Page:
April 09, 2015
The Six Weirdest Instruments (You Probably Never Knew About)
Most aspiring musicians pick up traditional instruments, like the piano or guitar. Others are attracted to less mainstream instruments, like the accordion or the harpsichord. Still others take things to an even more extreme level by seeking out the weirdest instruments they can get their hands on. While you won’t see the octobass or the the cat piano played in a symphony or orchestra, they deserve a place on our list of the weirdest instruments you probably never knew about. Without further ado, here are a few instruments that will leave you scratching your head.
The Pyrophone Organ
Also known as the fire organ, the Pyrophone Organ is powered purely by combustion. To actually play it, a certain part of it needs to be on fire. Of course, it’s perfectly safe (if you want it to be!), as the organ itself can be powered by propane and gasoline, and the explosions that force exhaust down the pipes to produce sound can be regulated. Either way, it’s essentially an explosion organ so we recommend staying far, far away unless you’re a professional. Oh, and good luck finding a Pyrophone Organ teacher to show you the ins and outs of playing this instrument….
The Cat Piano
The cat piano, or the Katzenklavier, was never actually built (and for that we are really thankful!) Intended to “shock” psychiatric patients into changing their behavior, the cat piano was a normal keyboard placed in front of a row of cages with cats trapped inside. Whenever a key was pressed, a nail was driven into the tails of one of the cats, causing them to screech. Besides the fact that this is animal abuse, who would really want to listen to a song made up of screeching cats?
The Glass Armonica
The Glass Armonica is straight from the mind of Benjamin Franklin, who also brought you the lightning rod and bifocals. You know the sound a glass makes when you run your finger around the rim? Ben Franklin wanted to replicate that sound and invented the glass armonica to do so. By attaching glass bowls of varying sizes to a central rotating axle, all a player had to do was dampen their fingers and place them in the right spot. His invention was a huge success, with Mozart, Beethoven, and Strauss all composing pieces for the armonica. Its popularity eventually faded as it was replaced by the piano.
The Vegetable Orchestra
The Vienna Vegetable Orchestra uses, you guessed it, vegetables to create music–including carrot flutes, pumpkin drums, and pepper horns. Founded in 1998, the orchestra uses instruments designed from veggies to create unique sounds. The variety of vegetables combined with the fact that they create all their own instruments means the orchestra has complete control over their work. And what do they do with the leftovers? They throw them into a pot and create a hearty vegetable soup, which they hand out to the audience at the end of each performance. Puts a new twist on the phrase “dinner and a show”, doesn’t it?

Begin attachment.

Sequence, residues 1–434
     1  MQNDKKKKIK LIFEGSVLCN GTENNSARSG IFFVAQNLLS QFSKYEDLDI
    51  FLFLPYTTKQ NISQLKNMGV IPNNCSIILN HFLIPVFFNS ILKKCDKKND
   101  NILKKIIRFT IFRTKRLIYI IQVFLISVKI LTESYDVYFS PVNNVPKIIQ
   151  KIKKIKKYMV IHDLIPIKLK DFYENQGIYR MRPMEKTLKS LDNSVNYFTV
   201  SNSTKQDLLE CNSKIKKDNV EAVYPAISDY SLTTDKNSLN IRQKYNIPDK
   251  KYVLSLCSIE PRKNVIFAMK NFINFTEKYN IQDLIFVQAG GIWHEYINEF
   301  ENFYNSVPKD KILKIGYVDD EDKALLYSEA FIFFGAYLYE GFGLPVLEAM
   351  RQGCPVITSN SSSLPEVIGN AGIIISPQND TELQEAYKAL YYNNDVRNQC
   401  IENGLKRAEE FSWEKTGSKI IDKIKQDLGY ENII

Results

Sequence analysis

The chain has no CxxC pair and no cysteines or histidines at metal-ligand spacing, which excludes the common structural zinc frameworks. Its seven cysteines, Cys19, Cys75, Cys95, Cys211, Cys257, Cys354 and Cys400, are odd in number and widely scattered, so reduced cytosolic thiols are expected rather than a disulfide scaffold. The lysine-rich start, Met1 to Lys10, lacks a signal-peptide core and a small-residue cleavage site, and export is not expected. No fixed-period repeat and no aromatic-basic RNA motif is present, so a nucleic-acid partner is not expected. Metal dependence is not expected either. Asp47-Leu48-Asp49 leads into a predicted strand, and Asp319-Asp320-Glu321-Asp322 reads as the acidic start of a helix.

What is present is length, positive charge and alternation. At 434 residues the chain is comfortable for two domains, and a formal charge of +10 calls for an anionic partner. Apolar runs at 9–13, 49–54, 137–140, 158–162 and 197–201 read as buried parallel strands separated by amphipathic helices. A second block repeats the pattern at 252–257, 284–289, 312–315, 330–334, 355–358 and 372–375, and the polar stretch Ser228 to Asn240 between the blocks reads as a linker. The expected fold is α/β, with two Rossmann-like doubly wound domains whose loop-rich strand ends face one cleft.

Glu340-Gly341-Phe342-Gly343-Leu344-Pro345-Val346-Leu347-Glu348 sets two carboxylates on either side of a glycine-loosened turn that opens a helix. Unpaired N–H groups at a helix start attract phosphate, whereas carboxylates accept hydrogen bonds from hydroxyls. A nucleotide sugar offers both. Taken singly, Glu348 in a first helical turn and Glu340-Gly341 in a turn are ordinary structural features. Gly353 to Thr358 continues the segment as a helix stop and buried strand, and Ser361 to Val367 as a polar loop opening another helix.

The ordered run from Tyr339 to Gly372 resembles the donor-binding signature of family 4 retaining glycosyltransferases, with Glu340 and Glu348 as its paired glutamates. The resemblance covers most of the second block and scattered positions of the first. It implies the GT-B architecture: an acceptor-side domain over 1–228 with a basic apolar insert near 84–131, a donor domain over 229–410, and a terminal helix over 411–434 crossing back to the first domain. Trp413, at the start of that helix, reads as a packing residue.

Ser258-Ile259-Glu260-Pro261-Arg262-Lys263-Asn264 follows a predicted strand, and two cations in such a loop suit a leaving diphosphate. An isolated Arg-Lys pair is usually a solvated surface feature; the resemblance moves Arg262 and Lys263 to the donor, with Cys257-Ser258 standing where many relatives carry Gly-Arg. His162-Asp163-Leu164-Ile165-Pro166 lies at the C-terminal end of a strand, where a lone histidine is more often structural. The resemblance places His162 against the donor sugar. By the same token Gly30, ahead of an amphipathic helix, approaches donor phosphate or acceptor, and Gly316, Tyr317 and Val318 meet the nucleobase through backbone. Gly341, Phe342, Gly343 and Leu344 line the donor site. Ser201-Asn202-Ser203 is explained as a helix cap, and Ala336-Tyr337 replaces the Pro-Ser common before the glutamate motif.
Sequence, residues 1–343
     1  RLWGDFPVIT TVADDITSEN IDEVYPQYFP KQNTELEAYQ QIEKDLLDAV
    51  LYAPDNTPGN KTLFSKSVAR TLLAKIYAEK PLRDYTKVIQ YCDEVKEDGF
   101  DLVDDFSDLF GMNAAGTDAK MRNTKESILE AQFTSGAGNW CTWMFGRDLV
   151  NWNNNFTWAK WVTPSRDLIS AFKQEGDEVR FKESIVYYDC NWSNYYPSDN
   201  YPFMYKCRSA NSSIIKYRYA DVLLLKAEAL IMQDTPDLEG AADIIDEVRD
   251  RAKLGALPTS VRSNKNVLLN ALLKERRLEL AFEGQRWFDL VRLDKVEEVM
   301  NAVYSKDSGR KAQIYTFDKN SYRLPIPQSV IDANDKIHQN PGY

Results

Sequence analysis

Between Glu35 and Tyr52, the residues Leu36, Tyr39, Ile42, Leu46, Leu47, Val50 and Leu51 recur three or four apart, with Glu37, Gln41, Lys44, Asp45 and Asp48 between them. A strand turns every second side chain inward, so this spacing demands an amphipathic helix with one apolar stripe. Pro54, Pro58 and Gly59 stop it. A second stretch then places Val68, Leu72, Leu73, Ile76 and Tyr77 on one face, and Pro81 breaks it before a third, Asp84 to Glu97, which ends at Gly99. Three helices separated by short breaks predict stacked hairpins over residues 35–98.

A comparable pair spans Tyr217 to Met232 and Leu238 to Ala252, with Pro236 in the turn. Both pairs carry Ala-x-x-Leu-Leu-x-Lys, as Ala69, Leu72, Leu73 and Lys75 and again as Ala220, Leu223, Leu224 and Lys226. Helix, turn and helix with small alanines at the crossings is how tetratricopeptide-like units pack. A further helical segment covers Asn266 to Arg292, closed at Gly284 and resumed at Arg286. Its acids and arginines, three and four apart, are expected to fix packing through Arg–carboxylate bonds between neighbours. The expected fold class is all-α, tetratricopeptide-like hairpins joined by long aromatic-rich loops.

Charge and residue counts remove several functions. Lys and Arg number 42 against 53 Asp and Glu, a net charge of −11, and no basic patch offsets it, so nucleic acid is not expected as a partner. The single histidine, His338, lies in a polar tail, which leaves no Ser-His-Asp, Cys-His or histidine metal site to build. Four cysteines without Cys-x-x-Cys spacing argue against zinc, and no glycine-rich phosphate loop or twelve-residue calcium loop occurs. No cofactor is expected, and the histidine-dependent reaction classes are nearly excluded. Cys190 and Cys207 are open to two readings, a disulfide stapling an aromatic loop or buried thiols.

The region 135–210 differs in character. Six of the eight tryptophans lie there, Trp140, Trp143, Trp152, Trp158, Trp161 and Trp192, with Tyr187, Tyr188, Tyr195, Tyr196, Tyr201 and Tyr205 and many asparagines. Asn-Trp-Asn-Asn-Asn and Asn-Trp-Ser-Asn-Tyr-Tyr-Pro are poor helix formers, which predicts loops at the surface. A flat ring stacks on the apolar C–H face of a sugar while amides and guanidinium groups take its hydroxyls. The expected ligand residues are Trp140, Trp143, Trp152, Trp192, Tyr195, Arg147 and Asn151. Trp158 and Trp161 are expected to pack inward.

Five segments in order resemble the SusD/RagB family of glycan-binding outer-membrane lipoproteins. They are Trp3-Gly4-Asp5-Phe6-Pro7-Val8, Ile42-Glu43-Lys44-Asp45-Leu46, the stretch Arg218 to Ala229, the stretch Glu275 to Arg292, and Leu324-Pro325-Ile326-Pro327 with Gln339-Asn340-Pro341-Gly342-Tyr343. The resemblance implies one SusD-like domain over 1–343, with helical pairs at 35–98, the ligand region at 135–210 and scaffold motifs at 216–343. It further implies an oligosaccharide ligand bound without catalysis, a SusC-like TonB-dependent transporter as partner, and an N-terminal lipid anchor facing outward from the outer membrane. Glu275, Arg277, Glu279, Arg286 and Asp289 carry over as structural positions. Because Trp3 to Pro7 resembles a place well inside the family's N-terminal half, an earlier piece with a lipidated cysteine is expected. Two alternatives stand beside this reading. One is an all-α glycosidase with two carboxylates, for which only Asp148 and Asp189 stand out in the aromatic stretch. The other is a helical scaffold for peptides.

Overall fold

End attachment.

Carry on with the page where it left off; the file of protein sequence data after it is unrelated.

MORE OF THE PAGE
The Great Stalacpipe Organ
Believe it or not, the largest instrument in the world is in Virginia and its spread across 3.5 acres of an underground cavern system. It uses stalactites struck by hammers to produce its sound. (In case you aren’t familiar, stalactites are the things that look like icicles that hang from the roof of a cave; they’re made of calcium salts that are deposited by dripping water.) The instrument was designed in the 1950s by Leland W. Sprinkle, who spent over three years filing the stalactites down until they produced the sound he was looking for. The Stalacpipe Organ can be found in Luray Caverns, where visitors can actually hear it played live.
For the Great Fences of Australia Project, two violinists traveled thousands of miles across Australia, playing the fences that span the continent. How does one “play” on fences, you may ask? By running their violin bows across the wires, which produces a screeching and startling sound (not unlike what we imagine the cat piano would sound like.) Drumsticks can also be used on the fences for percussion. Since then, the project has been taken worldwide, with the musicians playing concerts for audiences on specially designed fences. At the end of the day, it wasn’t just Australia that benefitted from their work–they’ve played on nearly every continent since their debut.
Head to Music & Arts for “Normal” Instruments
If you’re looking for more traditional instruments, head to Music & Arts. With hundreds of stores across 26 states and thousands of products online, you’ll find one of the largest selections of gear, accessories, and instruments on our website. From the saxophone and drums to the flute and cello, we have one of the largest product offerings in the world, including educator-approved instruments and accessories from some of the most trusted brands in the industry. Find your local store today!